Referred to as “little known” in a BBC 2004 news piece entitled “Jane Austen’s enduring appeal” (Caroline Westbrook), and the frustration of P&P fans worldwide, is the 1938 version of Pride and Prejudice that many have speculated has fallen off of the planet. Solely a “tv” adaptation, it is the first Jane Austen adaptation to ever hit the tv screens, and did so in the UK twice in May 1938. But information about the piece is limited, however a bit of hunting has revealed some interesting tidbits that I am hoping may lead to a video copy of the almost hour long production. Continue reading
Tag Archives: adaptation
Pride and Prejudice and Zombies (By Jane Austen and Seth Grahame-Smith) adapted by Tony Lee, illustrated by Cliff Richards
If you enjoyed Pride and Prejudice and Zombies, then you’ll be overjoyed by this graphic adaptation. Personally, I found it twice as humorous and far more easy to hack through than the original zombie-Austen mashup. And who doesn’t like more pictures, really?
A little look at Dr. Olivia Murphy’s essay: “Books, Bras and Bridget Jones: reading adaptions of Pride and Prejudice“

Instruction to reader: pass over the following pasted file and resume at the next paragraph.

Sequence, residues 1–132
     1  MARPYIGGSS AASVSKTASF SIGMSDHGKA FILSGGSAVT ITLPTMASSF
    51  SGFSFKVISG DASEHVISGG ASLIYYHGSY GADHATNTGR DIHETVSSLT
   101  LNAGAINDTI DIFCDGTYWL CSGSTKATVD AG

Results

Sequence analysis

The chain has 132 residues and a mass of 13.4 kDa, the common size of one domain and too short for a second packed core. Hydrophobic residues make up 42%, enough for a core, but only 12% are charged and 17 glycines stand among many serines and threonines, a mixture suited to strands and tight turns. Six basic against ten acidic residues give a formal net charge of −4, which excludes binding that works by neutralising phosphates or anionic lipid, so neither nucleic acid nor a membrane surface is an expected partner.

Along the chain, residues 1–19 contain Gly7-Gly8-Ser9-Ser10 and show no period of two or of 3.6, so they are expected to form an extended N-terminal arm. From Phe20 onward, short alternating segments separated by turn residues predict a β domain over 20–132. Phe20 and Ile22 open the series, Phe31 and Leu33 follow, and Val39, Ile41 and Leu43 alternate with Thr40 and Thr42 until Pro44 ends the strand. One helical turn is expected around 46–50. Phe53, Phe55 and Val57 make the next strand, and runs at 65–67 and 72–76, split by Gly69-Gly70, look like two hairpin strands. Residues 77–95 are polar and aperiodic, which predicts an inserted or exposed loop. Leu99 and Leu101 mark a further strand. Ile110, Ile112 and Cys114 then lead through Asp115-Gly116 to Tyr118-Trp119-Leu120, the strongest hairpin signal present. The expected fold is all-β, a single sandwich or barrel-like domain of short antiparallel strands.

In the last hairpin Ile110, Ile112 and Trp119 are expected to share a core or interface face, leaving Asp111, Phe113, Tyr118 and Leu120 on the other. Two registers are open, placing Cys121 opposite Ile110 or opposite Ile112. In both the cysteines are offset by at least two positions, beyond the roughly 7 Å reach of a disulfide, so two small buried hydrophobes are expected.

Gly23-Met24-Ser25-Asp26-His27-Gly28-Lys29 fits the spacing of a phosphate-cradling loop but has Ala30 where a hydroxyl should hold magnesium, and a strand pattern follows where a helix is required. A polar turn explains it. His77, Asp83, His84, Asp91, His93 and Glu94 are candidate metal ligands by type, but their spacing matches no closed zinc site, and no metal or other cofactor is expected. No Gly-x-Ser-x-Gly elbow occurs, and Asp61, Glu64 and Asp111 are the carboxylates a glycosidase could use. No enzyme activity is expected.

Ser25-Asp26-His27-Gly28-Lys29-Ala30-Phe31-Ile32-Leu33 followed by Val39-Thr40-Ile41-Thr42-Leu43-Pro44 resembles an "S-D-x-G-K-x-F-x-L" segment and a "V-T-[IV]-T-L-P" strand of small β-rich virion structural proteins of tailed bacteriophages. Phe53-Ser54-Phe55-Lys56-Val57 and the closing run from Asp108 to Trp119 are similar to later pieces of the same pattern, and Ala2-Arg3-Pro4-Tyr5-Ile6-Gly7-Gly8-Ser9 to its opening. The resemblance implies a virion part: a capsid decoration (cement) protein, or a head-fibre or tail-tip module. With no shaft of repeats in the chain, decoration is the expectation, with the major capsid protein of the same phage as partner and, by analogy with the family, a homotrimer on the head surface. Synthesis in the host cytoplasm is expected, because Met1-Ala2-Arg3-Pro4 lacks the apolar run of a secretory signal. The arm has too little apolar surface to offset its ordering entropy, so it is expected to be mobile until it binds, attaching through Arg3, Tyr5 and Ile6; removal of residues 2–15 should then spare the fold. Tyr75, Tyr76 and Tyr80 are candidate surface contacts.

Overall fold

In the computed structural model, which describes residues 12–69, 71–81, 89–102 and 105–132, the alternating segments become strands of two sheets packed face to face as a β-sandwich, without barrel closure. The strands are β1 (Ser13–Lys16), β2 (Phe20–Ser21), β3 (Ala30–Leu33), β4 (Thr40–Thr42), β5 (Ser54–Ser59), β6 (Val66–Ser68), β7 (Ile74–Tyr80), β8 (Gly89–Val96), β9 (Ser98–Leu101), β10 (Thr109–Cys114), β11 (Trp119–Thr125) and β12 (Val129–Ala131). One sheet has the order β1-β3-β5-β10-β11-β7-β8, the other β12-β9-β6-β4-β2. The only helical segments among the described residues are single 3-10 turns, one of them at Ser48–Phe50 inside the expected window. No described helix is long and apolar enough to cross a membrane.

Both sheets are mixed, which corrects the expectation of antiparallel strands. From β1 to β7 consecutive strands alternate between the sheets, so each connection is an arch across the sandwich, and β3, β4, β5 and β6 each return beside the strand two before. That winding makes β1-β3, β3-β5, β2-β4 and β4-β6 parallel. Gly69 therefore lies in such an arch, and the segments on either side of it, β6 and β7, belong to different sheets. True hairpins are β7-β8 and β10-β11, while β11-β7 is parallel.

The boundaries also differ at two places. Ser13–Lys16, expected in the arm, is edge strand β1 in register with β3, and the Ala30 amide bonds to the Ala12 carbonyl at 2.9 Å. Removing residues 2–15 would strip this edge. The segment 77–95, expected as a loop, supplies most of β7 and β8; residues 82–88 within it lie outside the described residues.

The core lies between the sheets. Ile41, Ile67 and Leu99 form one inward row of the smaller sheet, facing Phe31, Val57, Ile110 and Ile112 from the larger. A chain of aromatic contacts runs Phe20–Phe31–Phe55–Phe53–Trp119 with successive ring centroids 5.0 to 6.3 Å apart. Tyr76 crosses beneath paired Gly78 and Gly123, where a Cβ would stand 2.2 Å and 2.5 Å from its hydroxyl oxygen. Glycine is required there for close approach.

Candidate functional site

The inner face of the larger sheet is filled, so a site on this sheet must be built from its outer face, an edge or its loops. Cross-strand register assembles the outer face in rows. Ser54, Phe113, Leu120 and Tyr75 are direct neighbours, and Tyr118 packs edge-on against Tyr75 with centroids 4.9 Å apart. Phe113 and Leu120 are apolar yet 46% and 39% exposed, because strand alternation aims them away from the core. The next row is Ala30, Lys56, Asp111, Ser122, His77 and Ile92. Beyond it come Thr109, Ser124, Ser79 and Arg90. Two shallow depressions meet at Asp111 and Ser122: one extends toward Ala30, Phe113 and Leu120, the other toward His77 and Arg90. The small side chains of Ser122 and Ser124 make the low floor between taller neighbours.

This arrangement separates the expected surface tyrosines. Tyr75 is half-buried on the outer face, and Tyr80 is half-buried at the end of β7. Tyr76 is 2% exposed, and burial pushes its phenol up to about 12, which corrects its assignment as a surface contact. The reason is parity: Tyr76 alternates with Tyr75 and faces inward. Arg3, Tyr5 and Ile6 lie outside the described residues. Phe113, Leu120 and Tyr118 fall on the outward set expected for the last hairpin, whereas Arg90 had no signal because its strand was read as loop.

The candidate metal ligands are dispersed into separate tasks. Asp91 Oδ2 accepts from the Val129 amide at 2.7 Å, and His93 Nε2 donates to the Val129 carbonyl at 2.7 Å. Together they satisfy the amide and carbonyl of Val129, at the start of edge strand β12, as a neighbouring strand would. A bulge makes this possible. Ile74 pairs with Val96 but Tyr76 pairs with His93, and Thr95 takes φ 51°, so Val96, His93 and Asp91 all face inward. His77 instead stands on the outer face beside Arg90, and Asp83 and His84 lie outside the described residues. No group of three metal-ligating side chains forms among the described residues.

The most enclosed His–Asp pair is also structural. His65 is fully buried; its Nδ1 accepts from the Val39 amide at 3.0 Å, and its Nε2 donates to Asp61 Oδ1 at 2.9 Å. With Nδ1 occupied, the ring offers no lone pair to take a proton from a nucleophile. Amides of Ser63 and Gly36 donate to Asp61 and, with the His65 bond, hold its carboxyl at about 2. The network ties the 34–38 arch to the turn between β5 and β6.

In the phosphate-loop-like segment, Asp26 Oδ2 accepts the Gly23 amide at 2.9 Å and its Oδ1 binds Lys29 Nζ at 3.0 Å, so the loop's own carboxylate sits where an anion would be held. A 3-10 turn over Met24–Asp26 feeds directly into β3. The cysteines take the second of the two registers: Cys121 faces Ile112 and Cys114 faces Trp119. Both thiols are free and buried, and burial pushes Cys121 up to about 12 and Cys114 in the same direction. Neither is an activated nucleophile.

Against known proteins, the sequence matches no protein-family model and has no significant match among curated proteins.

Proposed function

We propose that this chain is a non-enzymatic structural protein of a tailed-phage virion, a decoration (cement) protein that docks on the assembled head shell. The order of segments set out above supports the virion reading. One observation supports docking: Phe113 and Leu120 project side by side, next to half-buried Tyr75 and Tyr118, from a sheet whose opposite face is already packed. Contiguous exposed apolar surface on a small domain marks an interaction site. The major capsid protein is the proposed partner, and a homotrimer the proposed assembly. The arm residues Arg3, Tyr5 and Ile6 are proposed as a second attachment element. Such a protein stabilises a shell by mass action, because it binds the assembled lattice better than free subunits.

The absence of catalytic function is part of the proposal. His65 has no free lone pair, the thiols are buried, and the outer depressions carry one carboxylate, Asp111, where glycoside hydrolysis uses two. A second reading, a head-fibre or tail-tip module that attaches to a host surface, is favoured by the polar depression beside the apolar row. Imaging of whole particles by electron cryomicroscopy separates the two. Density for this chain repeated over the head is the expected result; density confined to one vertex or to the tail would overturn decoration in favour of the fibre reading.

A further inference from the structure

A lot of literary criticism is hard to get into. From my highschool extension english days, and my university readings, I know that a lot of it can be plain painful. However, occasionally I come across something that is so worth reading, and such a joy to read, that I want to share it. And who better with, than other Pride and Prejudice fans? Especially when the title of said essay is as enticing as it is.
This piece is mainly a critique on the 1995 adaptation (the Colin Firth, Jennifer Ehle one) and sort of a personal interrogation over our own readings and obsessions with Pride and Prejudice, in sort of what was once referred to as a ‘head fake’ by the amazing legacy that is Randy Pausch. One thing that most of us Janeites, and worshippers-at-the-altar-of-Colin-Firth know is that there is a lot of sex in the BBC’s Pride and Prejudice, even if there isn’t any actual… well… y’know… sex. That probably doesn’t make a lot of sense, but anyone who has seen the wet-shirt scene, or the ‘gazing adoringly as Lizzy plays on the piano’ scene knows the sort of sex I’m talking about. It’s thick with it, but it’s the just out of reach sort that most of us Austen fans love so much. Continue reading